Welfare rolls declined after Temporary Assistance for Needy Families became law in 1996, and there was widespread consensus that its reforms were a bipartisan success story. But the onslaught of the Great Recession exposed serious flaws in the law. This memo describes a two-part solution based on experience and evidence.
Which Improves Welfare Recipients’ Earnings More in the Long Term?
Findings after 10-15 years from the National Evaluation of Welfare-to-Work Strategies suggest that while initially stressing job search for participants led to greater earnings in the short term than did initially stressing education and training, neither approach produced substantial effects past the five-year follow-up period.
An Analysis of the Welfare Caseload
Some two million fewer families were receiving welfare benefits in 1999 than in 1994 - a decline of nearly 50 percent in the welfare caseload over the five-year period.
Implementation, Effects, and Experiences of Poor Families and Neighborhoods
This report from the Project on Devolution and Urban Change examines how welfare reform has played out in Ohio’s Cuyahoga County, which encompasses Cleveland, based on a comprehensive body of evidence that includes administrative records, surveys, and ethnographic interviews.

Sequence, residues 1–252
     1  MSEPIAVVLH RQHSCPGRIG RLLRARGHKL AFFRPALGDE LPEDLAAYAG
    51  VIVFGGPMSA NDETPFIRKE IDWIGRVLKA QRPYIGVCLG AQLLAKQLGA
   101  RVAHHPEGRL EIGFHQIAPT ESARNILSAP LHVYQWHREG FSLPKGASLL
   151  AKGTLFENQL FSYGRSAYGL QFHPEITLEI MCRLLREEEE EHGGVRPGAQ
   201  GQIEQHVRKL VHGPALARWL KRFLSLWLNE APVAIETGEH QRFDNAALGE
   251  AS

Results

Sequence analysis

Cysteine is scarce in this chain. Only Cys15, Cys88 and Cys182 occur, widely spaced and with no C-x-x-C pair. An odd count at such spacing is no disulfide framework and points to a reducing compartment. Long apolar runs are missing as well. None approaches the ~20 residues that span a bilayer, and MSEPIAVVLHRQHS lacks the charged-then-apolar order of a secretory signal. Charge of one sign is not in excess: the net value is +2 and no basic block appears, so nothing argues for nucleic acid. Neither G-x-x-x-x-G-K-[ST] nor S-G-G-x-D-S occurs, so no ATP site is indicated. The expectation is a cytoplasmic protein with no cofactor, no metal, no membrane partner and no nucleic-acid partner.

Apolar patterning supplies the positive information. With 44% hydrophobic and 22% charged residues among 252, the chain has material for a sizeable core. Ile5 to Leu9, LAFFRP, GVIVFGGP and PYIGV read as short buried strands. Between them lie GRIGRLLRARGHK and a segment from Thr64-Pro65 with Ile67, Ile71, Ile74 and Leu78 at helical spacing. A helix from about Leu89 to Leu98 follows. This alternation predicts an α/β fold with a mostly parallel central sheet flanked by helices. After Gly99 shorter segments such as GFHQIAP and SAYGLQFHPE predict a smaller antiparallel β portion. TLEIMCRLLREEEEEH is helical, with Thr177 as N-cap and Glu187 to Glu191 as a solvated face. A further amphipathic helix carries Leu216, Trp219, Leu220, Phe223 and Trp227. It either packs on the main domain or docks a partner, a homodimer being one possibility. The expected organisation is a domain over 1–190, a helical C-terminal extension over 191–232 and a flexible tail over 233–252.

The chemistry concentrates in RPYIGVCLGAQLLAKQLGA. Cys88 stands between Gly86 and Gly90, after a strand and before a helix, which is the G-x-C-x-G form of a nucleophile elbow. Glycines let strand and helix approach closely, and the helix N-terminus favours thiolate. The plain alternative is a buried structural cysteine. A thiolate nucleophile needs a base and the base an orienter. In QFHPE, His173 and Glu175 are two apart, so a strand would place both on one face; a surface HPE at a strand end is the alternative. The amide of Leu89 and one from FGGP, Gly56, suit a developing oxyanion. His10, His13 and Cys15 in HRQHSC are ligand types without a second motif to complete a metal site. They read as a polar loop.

Recognizing that welfare recipients who find jobs may remain poor, the “make work pay” approach rewards those who work by boosting their income. This strategy was the centerpiece of the Self-Sufficiency Project (SSP), a large-scale demonstration program in Canada that offered monthly earnings supplements to single parents who left welfare for full-time work.
Lessons from the National Evaluation of Welfare-to-Work Strategies
This report distills lessons from the National Evaluation of Welfare-to-Work Strategies (NEWWS) with a focus on the effectiveness of employment-focused versus education-focused programs in helping people move from welfare to work.